In its winter issue, Array (New York Design Center), said Pricked has: “…mind-blowing needlework that infuses new life into the traditional handcraft, and elevates it to a contemporary art that probes the personal, the political and the provocative.”

 

Cheers! A MAD Collection of Goblets

 

The Museum of Arts & Design, to celebrate its half-century birthday and spectacular new home at Two Columbus Circle (opening in September 2008), is assembling a unique collection of celebratory goblets in all mediums—glass, metal, clay, fiber, wood and mixed media. These vessels will be displayed prominently in the Museum’s new building, beginning with the grand opening. Part of the goblet collection, however, is being given a “sneak preview” at the Museum’s present home on 53rd Street in a special exhibition, Cheers! A MAD Collection of Goblets, running through April 27, 2008.

A drinking glass with a foot and a stem—what could be simpler? Within this definition, however, exist myriad variations of form, color and decoration. The exhibition features an engaging and diverse selection of vessels made by more than 100 artists from around the world.

 

Exceptional works by such renowned artists as Lino Tagliapietra, Dale Chihuly and Ginny Ruffner are included, as well as cutting-edge works by emerging artists. Many pieces were created expressly for the exhibition, and are on public display for the first time. Cheers! A MAD Collection of Goblets is based on the generous promised gifts of artist-made goblets of Jack and Aviva Robinson, along with gifts from collectors and artists from around the world.

 

“Celebration and ceremony are intertwined with the history of goblets,” says David Revere McFadden, the Museum’s chief curator.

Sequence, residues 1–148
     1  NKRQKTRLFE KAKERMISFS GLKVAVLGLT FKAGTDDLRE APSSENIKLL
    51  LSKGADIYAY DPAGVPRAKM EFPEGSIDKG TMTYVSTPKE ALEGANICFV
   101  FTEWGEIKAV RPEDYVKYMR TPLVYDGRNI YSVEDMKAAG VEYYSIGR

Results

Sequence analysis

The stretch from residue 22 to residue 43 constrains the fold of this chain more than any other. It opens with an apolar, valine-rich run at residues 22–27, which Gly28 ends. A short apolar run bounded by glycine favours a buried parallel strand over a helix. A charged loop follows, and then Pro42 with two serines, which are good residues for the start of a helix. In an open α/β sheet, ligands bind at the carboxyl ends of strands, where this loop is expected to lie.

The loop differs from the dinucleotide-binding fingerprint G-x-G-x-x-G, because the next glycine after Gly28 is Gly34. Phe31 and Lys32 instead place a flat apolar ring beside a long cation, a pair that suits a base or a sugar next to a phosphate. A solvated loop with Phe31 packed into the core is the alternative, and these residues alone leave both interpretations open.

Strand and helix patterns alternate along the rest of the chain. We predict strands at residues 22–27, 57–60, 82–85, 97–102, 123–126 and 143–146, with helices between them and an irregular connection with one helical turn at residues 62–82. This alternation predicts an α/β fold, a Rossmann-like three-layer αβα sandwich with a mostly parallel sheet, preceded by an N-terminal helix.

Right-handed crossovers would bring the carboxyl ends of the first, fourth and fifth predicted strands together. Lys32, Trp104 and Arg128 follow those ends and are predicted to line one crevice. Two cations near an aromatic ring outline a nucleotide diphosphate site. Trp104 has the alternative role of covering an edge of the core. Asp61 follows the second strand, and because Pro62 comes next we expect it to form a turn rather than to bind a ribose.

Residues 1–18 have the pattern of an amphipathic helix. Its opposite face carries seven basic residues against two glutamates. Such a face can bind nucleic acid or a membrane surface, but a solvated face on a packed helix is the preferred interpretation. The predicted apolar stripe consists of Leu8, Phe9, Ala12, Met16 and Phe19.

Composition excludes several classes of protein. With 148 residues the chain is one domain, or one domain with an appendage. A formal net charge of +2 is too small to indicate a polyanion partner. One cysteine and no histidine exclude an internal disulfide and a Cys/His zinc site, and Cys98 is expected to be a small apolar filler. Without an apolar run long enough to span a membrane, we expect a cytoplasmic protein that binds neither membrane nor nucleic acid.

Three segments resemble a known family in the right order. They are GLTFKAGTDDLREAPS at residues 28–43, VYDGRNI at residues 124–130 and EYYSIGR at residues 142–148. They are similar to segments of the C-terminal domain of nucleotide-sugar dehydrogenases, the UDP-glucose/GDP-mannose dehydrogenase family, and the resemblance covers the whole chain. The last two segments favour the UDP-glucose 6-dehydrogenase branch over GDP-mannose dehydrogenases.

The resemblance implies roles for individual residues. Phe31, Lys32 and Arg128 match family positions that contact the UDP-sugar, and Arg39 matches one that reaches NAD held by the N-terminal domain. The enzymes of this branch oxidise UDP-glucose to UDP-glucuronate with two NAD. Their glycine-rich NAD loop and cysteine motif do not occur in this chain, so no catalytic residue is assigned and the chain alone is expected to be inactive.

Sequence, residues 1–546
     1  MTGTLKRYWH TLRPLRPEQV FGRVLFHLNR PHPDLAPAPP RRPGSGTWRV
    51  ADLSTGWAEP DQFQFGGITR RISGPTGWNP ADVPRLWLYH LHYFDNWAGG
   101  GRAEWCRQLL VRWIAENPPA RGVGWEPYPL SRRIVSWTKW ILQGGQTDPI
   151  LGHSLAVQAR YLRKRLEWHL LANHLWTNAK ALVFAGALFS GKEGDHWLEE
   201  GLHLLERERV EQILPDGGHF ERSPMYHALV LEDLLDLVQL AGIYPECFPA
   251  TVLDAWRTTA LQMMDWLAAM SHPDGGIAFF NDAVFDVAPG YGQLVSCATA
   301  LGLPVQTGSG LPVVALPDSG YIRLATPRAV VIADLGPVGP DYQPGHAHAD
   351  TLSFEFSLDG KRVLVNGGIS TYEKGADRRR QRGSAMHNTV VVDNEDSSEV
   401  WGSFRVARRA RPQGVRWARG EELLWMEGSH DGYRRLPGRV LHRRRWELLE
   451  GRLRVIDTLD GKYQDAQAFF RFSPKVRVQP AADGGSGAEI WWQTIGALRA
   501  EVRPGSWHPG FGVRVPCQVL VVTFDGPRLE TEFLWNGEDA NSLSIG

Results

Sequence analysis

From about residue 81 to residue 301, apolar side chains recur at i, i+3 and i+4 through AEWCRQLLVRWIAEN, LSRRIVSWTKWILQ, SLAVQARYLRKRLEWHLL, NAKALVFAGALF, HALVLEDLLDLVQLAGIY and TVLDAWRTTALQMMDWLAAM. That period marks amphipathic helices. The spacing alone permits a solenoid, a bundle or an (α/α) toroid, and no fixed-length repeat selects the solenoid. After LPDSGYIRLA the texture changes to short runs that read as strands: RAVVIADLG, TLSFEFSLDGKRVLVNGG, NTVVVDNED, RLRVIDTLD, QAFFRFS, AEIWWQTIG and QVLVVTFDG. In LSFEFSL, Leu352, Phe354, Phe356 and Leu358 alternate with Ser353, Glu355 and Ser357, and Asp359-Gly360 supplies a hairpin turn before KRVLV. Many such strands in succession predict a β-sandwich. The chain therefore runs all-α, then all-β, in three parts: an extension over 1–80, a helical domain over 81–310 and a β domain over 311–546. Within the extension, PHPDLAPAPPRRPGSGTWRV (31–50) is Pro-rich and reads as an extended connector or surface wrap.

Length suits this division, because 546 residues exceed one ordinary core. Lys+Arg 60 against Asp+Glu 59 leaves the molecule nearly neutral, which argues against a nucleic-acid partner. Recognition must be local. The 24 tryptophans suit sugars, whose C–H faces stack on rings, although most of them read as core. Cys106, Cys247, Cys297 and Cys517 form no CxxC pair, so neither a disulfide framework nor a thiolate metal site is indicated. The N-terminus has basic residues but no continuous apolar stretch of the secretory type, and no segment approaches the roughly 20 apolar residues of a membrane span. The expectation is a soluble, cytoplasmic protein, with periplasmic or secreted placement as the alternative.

Support

Pricked: Extreme Embroidery is made possible in part by the Inner Circle and Director’s Council of the Museum, with additional support from Friends of Fiber Art International.

 

Cheers! A MAD Collection of Goblets is made possible by the Museum’s Collectors Circle.

 

Additional exhibition-related programs

 

Sundays, 2:00 – 4:00 p.m.

Well-Crafted Weekends: Inter-generational Workshops

All ages 6 and up are welcome. All materials provided. No reservations required, but space is limited. Program fee: $7 per individual or family unit. For more information, call 212.956.3535, x159, or visit our website at www.madmuseum.org.

 

March 9

Narrative Notions

Fiber-arts techniques are the emphasis for this workshop focusing on personal expression and the development of your own narrative work of art. Participants will take an in-depth look at fiber as an art medium and explore how to incorporate text and found objects, rhythm, emotion and spirit into your own fiber-based sculptural pieces. Each person will propose and create a fiber or mixed-media object that conveys personal narrative content and style.